The sleeplessness associated with menopause can have a profound effect on your day-to-day quality of life. While sleep disruptions vary with factors such as age, lifestyle and ethnicity, the vast majority of women face a unique form of insomnia due to hormonal imbalances brought on by menopause.
What exactly is Menopause Sleeplessness
This menopausal symptom is defined as consistently getting less than the recommended seven to eight hours of restful sleep. During menopause, sleeplessness can result from inability to fall asleep, frequent waking during the night (often related to night sweats), and the inability to get back to sleep once woken.
Symptoms of Sleeplessness
The symptoms can range from insomnia itself to the effects of inadequate sleep on the female body. The primary symptom of menopause sleeplessness is the inability to fall asleep in a reasonable amount of time (considered by most sleep experts to be roughly half an hour). Women may also experience frequent waking during the night – as well as an inability to fall back to sleep once awakened.
Many women also experience night sweats – nighttime hot flashes that are one of the primary causes of menopause insomnia. Night sweats can leave menopausal women suddenly waking with rising temperatures and heavy perspiration, further exacerbating menopause sleeplessness.
Another hallmark of menopause sleeplessness is lack of deep sleep, known as Rapid Eye Movement (REM) sleep. For many women, this lack of REM sleep means a lower quality of rest, in addition to the inability to consistently get 7-8 hours of sleep per night. Menopausal sleeplessness can also trigger other signs of menopause, such as difficulty concentrating, mood instability, and depression.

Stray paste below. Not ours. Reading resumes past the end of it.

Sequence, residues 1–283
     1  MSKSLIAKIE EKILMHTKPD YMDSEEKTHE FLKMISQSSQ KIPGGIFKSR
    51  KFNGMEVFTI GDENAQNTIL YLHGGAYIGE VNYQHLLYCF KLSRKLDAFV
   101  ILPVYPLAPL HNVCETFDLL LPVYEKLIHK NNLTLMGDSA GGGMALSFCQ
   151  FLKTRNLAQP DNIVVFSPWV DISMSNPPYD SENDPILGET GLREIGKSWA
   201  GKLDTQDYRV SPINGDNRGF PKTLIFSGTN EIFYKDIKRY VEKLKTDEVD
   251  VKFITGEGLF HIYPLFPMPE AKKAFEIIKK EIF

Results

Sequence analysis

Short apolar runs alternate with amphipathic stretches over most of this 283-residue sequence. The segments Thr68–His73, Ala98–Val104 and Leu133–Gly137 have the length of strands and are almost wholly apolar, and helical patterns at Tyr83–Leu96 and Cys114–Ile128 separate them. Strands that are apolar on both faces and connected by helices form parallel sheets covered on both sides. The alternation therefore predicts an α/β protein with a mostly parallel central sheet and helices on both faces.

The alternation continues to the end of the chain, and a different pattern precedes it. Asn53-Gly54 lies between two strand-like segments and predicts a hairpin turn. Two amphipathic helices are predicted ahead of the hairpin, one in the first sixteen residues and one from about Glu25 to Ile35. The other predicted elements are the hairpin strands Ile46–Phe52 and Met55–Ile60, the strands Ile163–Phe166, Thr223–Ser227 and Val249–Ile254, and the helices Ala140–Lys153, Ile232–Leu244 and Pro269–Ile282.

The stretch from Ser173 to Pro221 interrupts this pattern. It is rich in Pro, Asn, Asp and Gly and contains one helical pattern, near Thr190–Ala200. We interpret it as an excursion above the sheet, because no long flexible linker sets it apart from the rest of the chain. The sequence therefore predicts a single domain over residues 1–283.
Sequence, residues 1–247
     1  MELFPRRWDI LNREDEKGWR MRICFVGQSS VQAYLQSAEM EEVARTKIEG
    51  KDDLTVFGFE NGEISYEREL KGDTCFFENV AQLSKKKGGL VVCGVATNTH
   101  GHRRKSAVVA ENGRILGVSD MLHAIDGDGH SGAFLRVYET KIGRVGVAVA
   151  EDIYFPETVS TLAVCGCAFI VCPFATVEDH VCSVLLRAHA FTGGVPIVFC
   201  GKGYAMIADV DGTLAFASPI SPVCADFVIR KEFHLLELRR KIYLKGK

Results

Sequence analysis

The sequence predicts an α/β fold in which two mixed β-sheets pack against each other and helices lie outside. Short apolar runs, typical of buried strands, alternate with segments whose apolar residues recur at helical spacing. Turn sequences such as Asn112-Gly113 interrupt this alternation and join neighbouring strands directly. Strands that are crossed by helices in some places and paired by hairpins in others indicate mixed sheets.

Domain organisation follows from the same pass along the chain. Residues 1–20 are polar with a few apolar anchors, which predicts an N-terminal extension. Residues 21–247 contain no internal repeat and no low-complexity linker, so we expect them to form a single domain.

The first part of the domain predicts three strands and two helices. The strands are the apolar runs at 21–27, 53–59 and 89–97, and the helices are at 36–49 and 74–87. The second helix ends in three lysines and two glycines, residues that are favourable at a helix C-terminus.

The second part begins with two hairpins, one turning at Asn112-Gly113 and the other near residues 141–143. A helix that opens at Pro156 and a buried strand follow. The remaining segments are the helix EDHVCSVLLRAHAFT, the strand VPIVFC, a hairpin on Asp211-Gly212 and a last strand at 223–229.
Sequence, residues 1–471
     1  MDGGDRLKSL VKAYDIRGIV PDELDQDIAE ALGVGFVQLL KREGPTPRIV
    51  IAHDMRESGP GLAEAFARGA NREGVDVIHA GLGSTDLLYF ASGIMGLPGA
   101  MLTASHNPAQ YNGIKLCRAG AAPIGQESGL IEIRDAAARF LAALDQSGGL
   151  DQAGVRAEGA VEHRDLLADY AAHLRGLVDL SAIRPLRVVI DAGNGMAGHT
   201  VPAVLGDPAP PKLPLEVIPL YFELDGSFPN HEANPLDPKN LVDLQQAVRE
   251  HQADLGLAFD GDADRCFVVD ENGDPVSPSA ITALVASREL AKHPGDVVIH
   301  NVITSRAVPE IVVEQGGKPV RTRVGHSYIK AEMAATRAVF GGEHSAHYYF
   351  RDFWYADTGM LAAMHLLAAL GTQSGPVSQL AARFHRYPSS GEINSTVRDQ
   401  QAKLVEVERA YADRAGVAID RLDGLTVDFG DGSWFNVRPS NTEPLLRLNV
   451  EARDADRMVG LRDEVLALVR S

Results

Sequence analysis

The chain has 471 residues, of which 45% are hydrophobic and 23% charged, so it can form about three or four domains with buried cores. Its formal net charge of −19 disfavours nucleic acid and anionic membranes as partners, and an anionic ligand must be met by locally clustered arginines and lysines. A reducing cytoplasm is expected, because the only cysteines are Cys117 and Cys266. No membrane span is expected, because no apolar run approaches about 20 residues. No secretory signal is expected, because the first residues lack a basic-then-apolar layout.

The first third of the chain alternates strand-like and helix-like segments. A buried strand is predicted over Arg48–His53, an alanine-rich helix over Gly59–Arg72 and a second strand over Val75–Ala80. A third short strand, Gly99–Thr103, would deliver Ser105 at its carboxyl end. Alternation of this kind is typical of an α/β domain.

Difficulty getting back to sleep
Lack of focus
Causes of Sleeplessness
There are a great many factors that can cause sleeplessness. The primary cause, however, is the hormonal imbalance that occurs during menopause. Both estrogen and progesterone are linked to the sleep function. A decline in estrogen affects the body’s ability to use magnesium, which relaxes the muscles, while progesterone regulates drowsiness and the ability to fall asleep. Both of these hormones are regulated by communication among the hypothalamus, the pituitary and the ovaries, and it is this communication that is disrupted by menopause.
In addition to hormonal causes, lifestyle triggers may exacerbate sleeplessness during menopause, including exercising too close to bedtime, eating spicy foods, smoking and using alcohol. Environmental factors, such as an overheated bedroom or uncomfortable nightclothes, are also common causes.
Menopause Sleeplessness Treatments
Making lifestyle and environmental changes should be your first step in treating sleeplessness, but generally speaking, these changes are not completely effective. Some women also turn to pharmaceutical sleep aids, which can carry with them side effects – as well as the possibility of dependency. Over-the-counter sleep aids may also be useful, though often they provide low or short-term relief.
Risks of Menopause Sleeplessness
There are a number of risks associated with menopause sleeplessness. Without the proper amount of restful sleep, daytime functionality and quality of life are affected. You may find it difficult to concentrate or unable to remember things. Lack of sleep results in irritability – and, possibly, depression. Combined with the concentration issue, this may cause problems in your professional and personal relationships. A slower reaction time may make you prone to accidents. Additionally, lack of sleep has a negative effect on your immune system, so you may find yourself falling ill more frequently. Lack of proper sleep has also been linked to weight gain.